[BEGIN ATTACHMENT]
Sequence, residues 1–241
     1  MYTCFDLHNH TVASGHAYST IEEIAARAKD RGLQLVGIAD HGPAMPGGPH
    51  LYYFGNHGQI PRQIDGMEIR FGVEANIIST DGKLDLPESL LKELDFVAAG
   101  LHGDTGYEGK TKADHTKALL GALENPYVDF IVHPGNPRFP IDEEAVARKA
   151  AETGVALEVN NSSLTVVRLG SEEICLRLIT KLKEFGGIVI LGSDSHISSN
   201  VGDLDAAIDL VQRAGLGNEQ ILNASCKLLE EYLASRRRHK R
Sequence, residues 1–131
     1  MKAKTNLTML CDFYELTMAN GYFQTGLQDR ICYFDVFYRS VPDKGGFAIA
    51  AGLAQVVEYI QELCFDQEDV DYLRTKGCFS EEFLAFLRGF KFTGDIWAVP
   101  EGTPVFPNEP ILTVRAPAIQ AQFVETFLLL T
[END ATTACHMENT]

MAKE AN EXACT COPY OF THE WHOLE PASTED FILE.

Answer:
Sequence, residues 1–241
     1  MYTCFDLHNH TVASGHAYST IEEIAARAKD RGLQLVGIAD HGPAMPGGPH
    51  LYYFGNHGQI PRQIDGMEIR FGVEANIIST DGKLDLPESL LKELDFVAAG
   101  LHGDTGYEGK TKADHTKALL GALENPYVDF IVHPGNPRFP IDEEAVARKA
   151  AETGVALEVN NSSLTVVRLG SEEICLRLIT KLKEFGGIVI LGSDSHISSN
   201  VGDLDAAIDL VQRAGLGNEQ ILNASCKLLE EYLASRRRHK R
Sequence, residues 1–131
     1  MKAKTNLTML CDFYELTMAN GYFQTGLQDR ICYFDVFYRS VPDKGGFAIA
    51  AGLAQVVEYI QELCFDQEDV DYLRTKGCFS EEFLAFLRGF KFTGDIWAVP
   101  EGTPVFPNEP ILTVRAPAIQ AQFVETFLLL T